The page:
Easy mistake to make.

"Emergency pull" tab
Unsplash | Jason Leung

"I wasn't the surgeon involved in the case, but a patient had a bump on his leg. After imaging, it looked like it was an abscess collection that needed drainage.

The patient was taken to the OR and the subcutaneous tissue dissected off. All of a sudden blood starts squirting. Turns out the abscess was really a femoral artery aneurysm.

Overhead Stat call for the vascular surgeon to bail him out."


I'm rapidly losing faith in modern medicine.

Medical diagrams of hand, skull and spine
Unsplash | Joyce McCown

"There's a reason why prior to surgery a big deal is made about what you're operating on (for example is it the right arm or the left arm). Usually it's pretty obvious, sometimes it's not. A neurosurgeon goes in to do a hemispherectomy (removal of half the cerebral hemisphere). Guess which half he ends up taking out accidentally. Hint: The story doesn't have a happy ending."


Things were still coming together.

Surgeon in scrubs and a mask
Unsplash | Habib Dadkhah

"My mom had gone in for surgery. Because the hospital didn't have what they needed they had to have an essential part for the surgery shipped to them. The day comes for the surgery and my mom is prepped, the OR is prepped, the surgeon took the day off from his practice, and my mom is put under. The part they needed (a fluid I believe) arrived and a nurse said, 'We never ordered that.' And sent the guy away."


Good thing they weren't five years older.

A man in doctor's uniform with arms folded over chest
Unsplash | Usman Yousaf

"I was the patient, not the doctor, but the doctor in charge of the surgery I went through in 2008 (22 hours, 3 doctors and 55 units of blood) said that if I'd been five years older and he'd seen what he did upon opening me up...he'd have closed me up, sent me home and told me to enjoy the rest of my time. It was sobering to (eventually) hear that."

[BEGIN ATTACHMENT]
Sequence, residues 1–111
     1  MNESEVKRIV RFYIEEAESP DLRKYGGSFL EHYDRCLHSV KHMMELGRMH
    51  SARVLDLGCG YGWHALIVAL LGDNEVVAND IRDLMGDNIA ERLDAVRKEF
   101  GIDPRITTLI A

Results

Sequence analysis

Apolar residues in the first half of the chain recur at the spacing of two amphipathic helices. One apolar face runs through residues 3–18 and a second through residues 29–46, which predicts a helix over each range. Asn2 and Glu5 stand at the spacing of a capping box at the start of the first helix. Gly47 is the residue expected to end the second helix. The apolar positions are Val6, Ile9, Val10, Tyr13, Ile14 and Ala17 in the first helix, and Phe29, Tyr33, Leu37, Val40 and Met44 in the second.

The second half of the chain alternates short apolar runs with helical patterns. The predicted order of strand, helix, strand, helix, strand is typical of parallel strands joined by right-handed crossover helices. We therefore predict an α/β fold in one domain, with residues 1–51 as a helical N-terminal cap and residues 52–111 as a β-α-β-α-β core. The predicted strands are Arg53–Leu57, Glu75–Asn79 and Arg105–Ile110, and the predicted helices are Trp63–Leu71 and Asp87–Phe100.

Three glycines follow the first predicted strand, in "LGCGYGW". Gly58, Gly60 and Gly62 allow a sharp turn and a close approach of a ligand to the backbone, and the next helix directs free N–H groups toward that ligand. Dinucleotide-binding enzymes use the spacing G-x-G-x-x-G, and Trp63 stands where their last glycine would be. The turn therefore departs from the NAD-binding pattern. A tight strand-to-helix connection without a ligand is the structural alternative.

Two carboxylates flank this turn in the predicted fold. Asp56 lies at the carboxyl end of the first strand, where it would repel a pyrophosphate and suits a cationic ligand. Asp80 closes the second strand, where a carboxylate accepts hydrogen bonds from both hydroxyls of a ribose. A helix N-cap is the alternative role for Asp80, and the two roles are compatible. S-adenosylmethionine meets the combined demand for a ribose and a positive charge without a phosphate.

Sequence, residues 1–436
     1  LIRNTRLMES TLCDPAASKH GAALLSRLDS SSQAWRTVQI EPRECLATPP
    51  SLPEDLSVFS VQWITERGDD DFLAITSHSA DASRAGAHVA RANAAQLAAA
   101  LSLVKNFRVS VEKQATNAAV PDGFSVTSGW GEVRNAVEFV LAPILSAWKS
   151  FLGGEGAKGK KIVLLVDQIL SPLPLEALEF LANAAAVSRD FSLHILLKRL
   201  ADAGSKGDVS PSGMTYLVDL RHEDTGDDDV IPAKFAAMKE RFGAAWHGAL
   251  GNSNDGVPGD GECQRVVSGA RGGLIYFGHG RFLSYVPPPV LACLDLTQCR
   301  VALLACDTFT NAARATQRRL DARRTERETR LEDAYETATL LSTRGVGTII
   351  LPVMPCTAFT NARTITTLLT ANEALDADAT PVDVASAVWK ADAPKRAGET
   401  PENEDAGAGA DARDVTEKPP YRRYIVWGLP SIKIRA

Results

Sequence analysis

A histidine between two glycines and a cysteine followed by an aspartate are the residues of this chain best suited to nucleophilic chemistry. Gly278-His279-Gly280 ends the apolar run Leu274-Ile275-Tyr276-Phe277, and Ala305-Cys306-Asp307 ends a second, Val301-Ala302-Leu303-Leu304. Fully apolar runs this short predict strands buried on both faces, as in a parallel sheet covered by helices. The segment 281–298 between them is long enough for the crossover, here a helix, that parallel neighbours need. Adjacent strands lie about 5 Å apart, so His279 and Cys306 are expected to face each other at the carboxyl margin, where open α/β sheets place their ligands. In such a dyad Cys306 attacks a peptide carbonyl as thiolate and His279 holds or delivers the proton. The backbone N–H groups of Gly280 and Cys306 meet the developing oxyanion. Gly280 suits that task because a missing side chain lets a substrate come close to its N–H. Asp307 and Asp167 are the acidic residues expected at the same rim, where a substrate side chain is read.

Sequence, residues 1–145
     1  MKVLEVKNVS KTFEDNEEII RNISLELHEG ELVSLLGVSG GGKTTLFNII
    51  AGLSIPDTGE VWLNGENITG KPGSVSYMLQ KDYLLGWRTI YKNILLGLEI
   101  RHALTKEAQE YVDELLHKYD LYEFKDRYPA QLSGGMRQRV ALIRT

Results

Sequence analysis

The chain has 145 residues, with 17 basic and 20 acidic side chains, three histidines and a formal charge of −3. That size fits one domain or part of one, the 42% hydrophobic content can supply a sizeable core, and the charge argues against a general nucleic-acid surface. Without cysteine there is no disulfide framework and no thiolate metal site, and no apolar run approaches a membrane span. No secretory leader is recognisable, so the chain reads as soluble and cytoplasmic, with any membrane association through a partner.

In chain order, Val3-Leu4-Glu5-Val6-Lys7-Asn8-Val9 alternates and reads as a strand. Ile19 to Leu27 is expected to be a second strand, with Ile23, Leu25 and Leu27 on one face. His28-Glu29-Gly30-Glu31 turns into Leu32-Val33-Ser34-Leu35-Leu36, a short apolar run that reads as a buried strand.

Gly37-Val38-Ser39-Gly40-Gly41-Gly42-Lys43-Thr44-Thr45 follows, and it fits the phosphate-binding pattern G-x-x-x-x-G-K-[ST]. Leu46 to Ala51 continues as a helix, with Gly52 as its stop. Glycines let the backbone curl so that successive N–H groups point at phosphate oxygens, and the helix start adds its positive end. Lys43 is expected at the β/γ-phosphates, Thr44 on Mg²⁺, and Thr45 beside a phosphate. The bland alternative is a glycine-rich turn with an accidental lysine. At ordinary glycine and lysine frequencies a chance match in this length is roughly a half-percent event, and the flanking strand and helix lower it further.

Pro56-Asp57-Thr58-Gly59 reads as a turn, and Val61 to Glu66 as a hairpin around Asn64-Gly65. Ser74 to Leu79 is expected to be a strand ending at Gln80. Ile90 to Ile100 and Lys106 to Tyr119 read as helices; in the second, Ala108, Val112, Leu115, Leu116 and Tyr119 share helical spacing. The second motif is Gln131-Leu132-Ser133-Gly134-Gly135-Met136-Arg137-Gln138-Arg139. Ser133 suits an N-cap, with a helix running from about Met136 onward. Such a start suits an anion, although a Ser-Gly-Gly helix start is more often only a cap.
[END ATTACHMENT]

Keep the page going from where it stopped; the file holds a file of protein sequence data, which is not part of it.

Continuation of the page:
They call her Nurse Butterfingers.

X-ray of a hand
Unsplash | Owen Beard

"I was observing a hand surgery about a year ago at a teaching hospital. The surgeon was removing one of the carpals (the bones near the base of the hand) to be used later. A nurse was given the carpal to hold until it needed to be used. She ended up dropping the patient's bone on the ground."


Maybe he shouldn't have gotten a good evaluation.

A doctor in scrubs and a mask giving a thumbs up
Unsplash | Sander Sammy

"I'm a medschool student. A student two years older than me dropped a brain tumor on the floor on the first surgery he ever went on. The surgeon laughed at him, then told him to leave his operation room. He was devastated and never saw that surgeon again! But he still got a good evaluation for that rotation...!"


Things can go sideways quickly.

Hand holding two red pills
Unsplash | Kateryna Hliznitsova

"We had a young guy get a vasectomy, and they gave him norco for pain when he got home. Not wanting to feel drugged up on narcotics, he started taking lots of Advil instead. He killed his kidneys within a couple days and came back on dialysis :("


Sparks were flying.

A spark from a sparkler
Unsplash | Jez Timms